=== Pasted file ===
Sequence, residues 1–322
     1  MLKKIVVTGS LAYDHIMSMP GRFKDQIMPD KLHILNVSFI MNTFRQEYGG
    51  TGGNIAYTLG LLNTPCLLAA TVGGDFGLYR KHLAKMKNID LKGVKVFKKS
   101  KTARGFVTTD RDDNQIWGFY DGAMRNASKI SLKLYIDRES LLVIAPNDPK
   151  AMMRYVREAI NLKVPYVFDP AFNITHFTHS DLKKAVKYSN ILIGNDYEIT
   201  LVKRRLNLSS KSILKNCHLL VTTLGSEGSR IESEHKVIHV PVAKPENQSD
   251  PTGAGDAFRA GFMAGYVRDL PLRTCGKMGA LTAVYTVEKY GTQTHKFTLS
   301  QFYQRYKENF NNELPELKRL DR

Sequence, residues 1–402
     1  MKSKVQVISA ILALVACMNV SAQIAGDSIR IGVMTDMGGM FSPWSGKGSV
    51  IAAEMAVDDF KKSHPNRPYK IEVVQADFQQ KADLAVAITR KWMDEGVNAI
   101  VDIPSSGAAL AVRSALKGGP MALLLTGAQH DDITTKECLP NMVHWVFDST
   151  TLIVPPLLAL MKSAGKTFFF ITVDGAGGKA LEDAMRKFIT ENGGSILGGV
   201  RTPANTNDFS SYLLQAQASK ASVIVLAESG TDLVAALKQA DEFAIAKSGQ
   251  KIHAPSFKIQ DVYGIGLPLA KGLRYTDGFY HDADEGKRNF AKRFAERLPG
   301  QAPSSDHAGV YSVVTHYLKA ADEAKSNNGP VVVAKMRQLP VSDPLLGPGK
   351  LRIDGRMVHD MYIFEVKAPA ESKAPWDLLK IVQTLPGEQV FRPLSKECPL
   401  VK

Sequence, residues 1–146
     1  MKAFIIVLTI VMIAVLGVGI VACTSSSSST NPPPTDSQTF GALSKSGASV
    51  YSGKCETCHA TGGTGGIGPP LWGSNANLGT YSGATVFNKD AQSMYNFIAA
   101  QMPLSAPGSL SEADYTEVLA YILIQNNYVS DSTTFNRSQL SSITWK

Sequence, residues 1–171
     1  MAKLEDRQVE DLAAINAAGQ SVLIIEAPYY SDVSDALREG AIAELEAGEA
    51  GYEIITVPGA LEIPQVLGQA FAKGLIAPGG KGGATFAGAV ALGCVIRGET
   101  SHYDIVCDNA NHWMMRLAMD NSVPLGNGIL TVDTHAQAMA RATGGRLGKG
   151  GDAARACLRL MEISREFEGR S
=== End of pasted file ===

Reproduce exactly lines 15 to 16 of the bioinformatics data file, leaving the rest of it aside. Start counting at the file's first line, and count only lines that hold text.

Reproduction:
   251  KIHAPSFKIQ DVYGIGLPLA KGLRYTDGFY HDADEGKRNF AKRFAERLPG
   301  QAPSSDHAGV YSVVTHYLKA ADEAKSNNGP VVVAKMRQLP VSDPLLGPGK